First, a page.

Behind the saying “beauty is in the eye of the beholder” is the philosophic theory that beauty is a subjective quality that depends on the judgment (or feelings) of the perceiver. This saying could be modified to apply to determining whether an aesthetic object, such as a black balaclava jumper or shoes, is a blackface object: “blackface is in the eye of the beholder.” The underlying principle would be that whether an object is blackface or not depends on the judgment (or feelings) of the perceiver.
If blackface is in the eye of the beholder, then it is up to the beholder to determine whether an object is blackface or not. This might be a matter of judgment or a matter of feeling, depending on the broader aesthetic theory in play. One problem with applying this principle in general would be that whether an object is blackface or not would be subjective. As such, those who assert that an object is not blackface because they do not see it this way would be just as right (or wrong) as those who take the opposite position. However, there is a way to grant a certain audience a privileged right to judge (or feel).
One obvious way to argue for this view is to draw an analogy to insult. Whether something is an insult or not depends on the target of the alleged insult. If the target does not judge or feel that the alleged insult is an insult, then it is not. If the target judges or feels the alleged insult is an insult, then it is. In the case of objects alleged to be blackface, there is the question of who is analogous to the target of a suspected insult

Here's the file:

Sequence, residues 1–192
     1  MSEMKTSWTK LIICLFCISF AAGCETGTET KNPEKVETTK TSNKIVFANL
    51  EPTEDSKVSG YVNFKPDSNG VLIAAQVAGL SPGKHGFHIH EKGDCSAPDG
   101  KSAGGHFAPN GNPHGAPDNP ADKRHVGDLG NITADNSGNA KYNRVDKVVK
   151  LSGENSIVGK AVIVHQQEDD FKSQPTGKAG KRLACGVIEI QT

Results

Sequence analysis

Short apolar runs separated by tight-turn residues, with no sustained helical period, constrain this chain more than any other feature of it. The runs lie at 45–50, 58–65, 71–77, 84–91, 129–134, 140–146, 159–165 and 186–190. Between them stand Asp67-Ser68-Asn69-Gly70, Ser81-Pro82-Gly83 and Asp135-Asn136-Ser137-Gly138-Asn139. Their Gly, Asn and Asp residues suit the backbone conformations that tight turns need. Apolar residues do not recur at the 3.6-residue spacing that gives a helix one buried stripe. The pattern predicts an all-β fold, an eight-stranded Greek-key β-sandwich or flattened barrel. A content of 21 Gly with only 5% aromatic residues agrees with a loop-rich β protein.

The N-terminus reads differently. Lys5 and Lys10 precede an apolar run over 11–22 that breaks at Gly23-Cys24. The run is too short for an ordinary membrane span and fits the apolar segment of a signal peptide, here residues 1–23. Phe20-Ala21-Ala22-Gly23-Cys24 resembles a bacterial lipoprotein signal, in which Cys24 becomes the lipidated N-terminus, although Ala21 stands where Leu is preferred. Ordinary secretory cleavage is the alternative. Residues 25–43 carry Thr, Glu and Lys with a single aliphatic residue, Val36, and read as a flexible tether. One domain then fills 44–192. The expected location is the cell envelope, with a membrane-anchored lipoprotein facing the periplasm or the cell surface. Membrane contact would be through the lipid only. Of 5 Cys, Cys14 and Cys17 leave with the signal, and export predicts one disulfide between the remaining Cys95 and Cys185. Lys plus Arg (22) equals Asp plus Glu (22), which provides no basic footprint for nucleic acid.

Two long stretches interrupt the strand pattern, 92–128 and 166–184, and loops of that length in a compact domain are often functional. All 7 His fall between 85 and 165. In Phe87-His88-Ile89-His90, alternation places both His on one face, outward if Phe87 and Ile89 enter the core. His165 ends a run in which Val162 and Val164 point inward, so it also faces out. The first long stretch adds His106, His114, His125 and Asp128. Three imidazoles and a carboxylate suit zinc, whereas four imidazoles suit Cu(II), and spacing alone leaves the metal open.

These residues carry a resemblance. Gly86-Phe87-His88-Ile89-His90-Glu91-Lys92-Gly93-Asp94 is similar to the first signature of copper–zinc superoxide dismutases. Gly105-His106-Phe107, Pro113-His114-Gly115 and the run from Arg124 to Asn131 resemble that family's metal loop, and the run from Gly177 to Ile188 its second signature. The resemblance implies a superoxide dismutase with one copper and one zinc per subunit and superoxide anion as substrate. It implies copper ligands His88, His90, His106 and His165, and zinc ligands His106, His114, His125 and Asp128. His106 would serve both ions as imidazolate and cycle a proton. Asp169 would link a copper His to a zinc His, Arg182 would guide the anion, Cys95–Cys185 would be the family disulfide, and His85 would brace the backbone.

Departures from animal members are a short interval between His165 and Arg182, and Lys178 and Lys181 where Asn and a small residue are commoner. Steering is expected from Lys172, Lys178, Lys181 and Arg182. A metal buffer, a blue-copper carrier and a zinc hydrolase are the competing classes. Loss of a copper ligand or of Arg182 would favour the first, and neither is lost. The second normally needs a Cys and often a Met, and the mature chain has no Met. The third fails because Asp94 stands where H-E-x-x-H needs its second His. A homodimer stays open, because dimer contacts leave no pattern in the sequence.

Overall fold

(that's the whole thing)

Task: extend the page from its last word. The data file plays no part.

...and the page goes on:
One easy and obvious approach, one that would presumably be favored by those cast as social justice warriors, is that the potential target of any potential blackface object would be blacks. As such, whether an object is a blackface object or not would be decided by the judgment or feeling of black people (and perhaps also those with adequate levels of woke). One could easily get bogged down in the logistics of group consensus, but there are two easy approaches here. One would be to go with the majority opinion of the group. The other would be to break it down to the individual level so that an object could be blackface for one person but not another. While messy and inexact, this does seem to reflect the messy and inexact reality of such judgments (or feelings). Thus, an object would be blackface if the majority of blacks judged (or felt) it is such an object. Alternatively, it could be done at an individual level: an object would be blackface for an individual if they judged (or felt) it was blackface.
One obvious concern here is that whether an object is blackface or not would be subjective. One might raise the objection that under this definition, anything could be blackface, thus opening everyone up for charges of racism. Alternatively, one could argue that if blackface is subjective, then anyone could simply point this out to avoid accusations of racism.
The solution is a messy one: as with disputes over beauty or insults, there would need to be arguments advanced in favor of the various positions and the better arguments should settle the matter as to which interpretation seems to be the most plausible. Even if blackface is in the eye of the beholder, better and worse cases can be made that the judgment or feeling is a sensible one. That no perfect resolution is possible should be expected.